Gregory Clark, an economist at UC Davis, posted an essay several years ago titled Genetically Capitalist? in which he proposed that the stable social environment and institutions of Medieval England selected for a new kind of human who was less prone to violence, had an affinity for work, had low time preference, and was individualistic in several ways. This essay was a warmup for his subsequent book. I prefer the earlier essay and assign it in my courses.
It is easy to see, in retrospect, how the social and institutional environment selected for the changes that Clark describes. Higher reproductive fitness of the wealthier led to pervasive downward social mobility so that today the English are descended from the Medieval gentry. How did one enter the gentry? Save some money. With interest rates pushing 10% any savings at all would quickly accumulate. This paid because there were enforceable contracts, courts, and such mitigating risk. A ruthless constabulary and judicial system selected against the violence prone, of course, as well as those with high time preference. Debtors’ prisons for goodness sake.
Clark’s thesis is no less than that this environment bred a new version of humans by selection. This is absolutely revolutionary in the current climate yet it has slipped right past the self-righteous chatterers that have crucified Jason Richwine.
In an important article Peter Frost describes essentially the same process in the Roman Empire with its Pax Romana. Here again a central government with courts and constabulary shaped a new version of human who was peaceful and law abiding and worked hard. Frost also describes the reaction of this new version of human to the Barbarian invasions:
Nonetheless, when Rome faltered in the fifth century it did so as never before. Earlier, the third century had seen a similar crisis: civil war, foreign invasion, return of brigandage, and steep economic decline. Yet Rome fought its way back and reasserted its authority. There was no such response in the fifth century. Instead, the crisis was met with a strange mixture of complacency and willful naiveté.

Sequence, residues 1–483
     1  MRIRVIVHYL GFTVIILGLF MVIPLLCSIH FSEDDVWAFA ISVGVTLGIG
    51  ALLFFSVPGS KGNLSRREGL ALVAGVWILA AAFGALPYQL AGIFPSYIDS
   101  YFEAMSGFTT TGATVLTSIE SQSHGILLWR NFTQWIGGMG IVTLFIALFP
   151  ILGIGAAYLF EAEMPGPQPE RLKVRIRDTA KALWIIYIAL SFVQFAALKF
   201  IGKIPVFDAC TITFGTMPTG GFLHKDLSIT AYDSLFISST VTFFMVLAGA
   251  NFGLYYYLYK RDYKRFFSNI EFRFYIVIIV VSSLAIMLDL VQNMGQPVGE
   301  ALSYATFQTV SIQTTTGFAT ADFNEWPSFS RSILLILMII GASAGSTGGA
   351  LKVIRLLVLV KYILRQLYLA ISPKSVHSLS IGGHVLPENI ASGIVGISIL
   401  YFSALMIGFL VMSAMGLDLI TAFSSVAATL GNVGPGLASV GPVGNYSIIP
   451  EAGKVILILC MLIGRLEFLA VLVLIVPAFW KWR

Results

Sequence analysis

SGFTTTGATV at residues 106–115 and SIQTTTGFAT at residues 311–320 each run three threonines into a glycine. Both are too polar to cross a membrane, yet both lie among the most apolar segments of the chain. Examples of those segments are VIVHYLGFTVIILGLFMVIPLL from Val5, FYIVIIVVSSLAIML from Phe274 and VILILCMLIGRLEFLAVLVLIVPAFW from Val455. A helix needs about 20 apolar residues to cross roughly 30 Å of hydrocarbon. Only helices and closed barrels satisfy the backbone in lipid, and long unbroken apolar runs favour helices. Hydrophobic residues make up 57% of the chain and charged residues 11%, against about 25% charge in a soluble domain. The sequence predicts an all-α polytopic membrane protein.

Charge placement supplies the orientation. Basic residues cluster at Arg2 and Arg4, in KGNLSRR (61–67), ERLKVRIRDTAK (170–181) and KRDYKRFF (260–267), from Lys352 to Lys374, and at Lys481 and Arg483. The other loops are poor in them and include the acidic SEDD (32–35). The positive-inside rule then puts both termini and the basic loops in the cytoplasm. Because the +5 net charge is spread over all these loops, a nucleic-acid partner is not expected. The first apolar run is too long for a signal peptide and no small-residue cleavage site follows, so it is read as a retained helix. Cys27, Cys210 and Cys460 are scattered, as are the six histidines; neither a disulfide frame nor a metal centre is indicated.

We cannot understand this change without considering the ideology that now shaped the Roman worldview, i.e., all humans share the same potential for peaceful and submissive behavior. This was largely true among the pacified populations inside the empire’s borders. Outside, it was largely false. Tragically so.
Thinking about the response of the pacified and submission Roman population to barbarian invaders immediately brings to mind the response of contemporary North Americans and Atlantic Europeans to barbarian invaders. It reads just the same: “welcome new neighbor!”
What about the Eastern empire? They kept the barbarians out for a few centuries longer in the European half, but accounts of the loss of the Asian provinces show the Clark/Frost pattern, a pacified submissive population hardly contesting the invasion of Islam (Jenkins 2008, 2010). The new neighbors simply walked in and took over. The downfall of the Western Roman empire reads much like the downfall of the Asian and North African parts of the empire. It is certainly no accident that the Asian provinces were the heartland of Christianity.
This all brings up an interesting question: what happened in East Asia over the same period? No one to my knowledge has traced parallels with the European and Roman experience in Japan or China. Is the different East Asian trajectory related to the East Asian reluctance to roll over, wag their tails, and welcome new barbarian neighbors?
Phillip Jenkins, Jesus Wars: How Four Patriarchs, Three Queens, And Two Emperors Decided What Christians Would Believe For The Next 1,500 Years, San Francisco: HarperOne, 2010. 328 pages.
Phillip Jenkins, The Lost History of Christianity: The Thousand-Year Golden Age of the Church in the Middle East, Africa, and Asia–and How It Died, San Francisco: HarperOne, 2008.